The top of the camera is characterized by a couple of key dials. On the right of the camera above the small grip are two dials: one controls aperture while the other controls shutter speed on manual mode. Otherwise, one will control one setting while the other does exposure compensation. To the right of these is a function button that I usually program the ISO setting to. Behind that is a video record button.
To the left of all this is Olympus’s hot shoe that doubles as a proprietary accessory port. To the left of all that is the mode dial. To be honest, I’m not quite sure why there are even automatic modes on this camera.
The back of the camera is different. On the top right is the playback button and another function button. I usually set this to AF point selection of magnify depending on what lens was mounted. Below this is a very nice thumb grip that reminds one of the old film advances.
Below all that are your typical run of the mill direction buttons, menu, info, and delete button. Plus, the directional buttons are all customizable to do whatever you’d like for the most part.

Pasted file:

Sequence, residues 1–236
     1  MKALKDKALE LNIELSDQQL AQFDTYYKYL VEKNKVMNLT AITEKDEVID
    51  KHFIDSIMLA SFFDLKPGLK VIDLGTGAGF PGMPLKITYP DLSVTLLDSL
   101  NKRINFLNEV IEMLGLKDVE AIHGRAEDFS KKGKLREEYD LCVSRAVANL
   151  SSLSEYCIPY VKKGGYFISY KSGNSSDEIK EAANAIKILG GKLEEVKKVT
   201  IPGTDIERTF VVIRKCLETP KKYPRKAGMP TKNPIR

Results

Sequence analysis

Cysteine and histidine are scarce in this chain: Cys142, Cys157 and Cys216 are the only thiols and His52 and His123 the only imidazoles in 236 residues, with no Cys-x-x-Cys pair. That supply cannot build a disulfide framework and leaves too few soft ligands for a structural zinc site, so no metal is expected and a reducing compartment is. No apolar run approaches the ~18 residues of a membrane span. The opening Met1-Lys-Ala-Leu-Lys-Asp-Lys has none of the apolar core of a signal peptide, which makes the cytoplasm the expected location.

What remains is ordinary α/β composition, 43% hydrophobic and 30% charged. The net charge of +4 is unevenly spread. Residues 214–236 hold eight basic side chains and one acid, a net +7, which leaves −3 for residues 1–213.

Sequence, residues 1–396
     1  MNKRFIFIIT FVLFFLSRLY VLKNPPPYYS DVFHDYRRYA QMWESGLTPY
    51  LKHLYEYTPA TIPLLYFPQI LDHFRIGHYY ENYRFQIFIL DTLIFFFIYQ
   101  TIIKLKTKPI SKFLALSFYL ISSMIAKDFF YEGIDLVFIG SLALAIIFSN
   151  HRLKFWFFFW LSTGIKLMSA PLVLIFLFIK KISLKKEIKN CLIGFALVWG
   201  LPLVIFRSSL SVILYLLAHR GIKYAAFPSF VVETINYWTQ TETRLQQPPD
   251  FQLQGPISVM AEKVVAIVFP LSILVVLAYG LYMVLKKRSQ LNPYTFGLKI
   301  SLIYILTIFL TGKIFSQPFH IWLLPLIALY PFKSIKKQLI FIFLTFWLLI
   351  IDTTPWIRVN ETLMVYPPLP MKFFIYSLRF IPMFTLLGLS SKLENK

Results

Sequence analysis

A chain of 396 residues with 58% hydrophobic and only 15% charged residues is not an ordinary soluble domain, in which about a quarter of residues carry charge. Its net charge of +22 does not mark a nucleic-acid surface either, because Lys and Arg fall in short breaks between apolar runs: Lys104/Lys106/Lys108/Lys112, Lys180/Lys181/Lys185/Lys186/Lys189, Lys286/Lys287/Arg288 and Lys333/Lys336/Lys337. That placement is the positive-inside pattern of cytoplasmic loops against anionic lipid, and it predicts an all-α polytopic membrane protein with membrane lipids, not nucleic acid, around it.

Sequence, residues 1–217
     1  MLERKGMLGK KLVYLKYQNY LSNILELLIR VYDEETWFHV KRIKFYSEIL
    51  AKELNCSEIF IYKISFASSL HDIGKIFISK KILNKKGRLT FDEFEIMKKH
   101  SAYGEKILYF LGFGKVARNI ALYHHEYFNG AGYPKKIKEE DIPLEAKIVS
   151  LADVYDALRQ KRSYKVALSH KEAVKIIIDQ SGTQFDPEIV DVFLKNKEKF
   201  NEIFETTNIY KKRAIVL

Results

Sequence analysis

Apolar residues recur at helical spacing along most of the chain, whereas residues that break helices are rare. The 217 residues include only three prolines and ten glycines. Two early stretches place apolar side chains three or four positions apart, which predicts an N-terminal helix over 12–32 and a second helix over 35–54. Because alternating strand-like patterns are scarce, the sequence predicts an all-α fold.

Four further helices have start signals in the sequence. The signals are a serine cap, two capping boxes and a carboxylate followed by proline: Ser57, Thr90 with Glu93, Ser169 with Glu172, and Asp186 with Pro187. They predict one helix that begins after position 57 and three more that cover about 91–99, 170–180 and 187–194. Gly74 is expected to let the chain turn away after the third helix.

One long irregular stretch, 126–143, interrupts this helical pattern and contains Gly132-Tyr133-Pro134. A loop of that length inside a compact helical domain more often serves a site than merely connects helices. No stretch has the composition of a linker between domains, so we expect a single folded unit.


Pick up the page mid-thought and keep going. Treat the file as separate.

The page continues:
An additional nice feature is the fact that the screen flips up.
Editor’s Note: These product shots were done with the Sony NEX 7 during an actual rainfall. The 7 started to misfunction a bit in the rain, but as you’ll see later on in the review, the OMD survived one of New York City’s most difficult rainfalls this year.
Autofocusing with this camera is extremely quick and it is wonderful to know that it takes the EP3’s excellent focusing and one-ups it. Plus, it has a touchscreen for even faster shooting if needed.
Best of it, it works very well with older lenses like a 17mm f2.8. Bear in mind that this applies to both tracking focus, continuous focus and single AF.
When it comes to manually focusing, you are best off using the viewfinder. It is so extremely sharp and detailed that I had no problem shooting with my Voigtlander 17.5mm f0.95 wide open with it.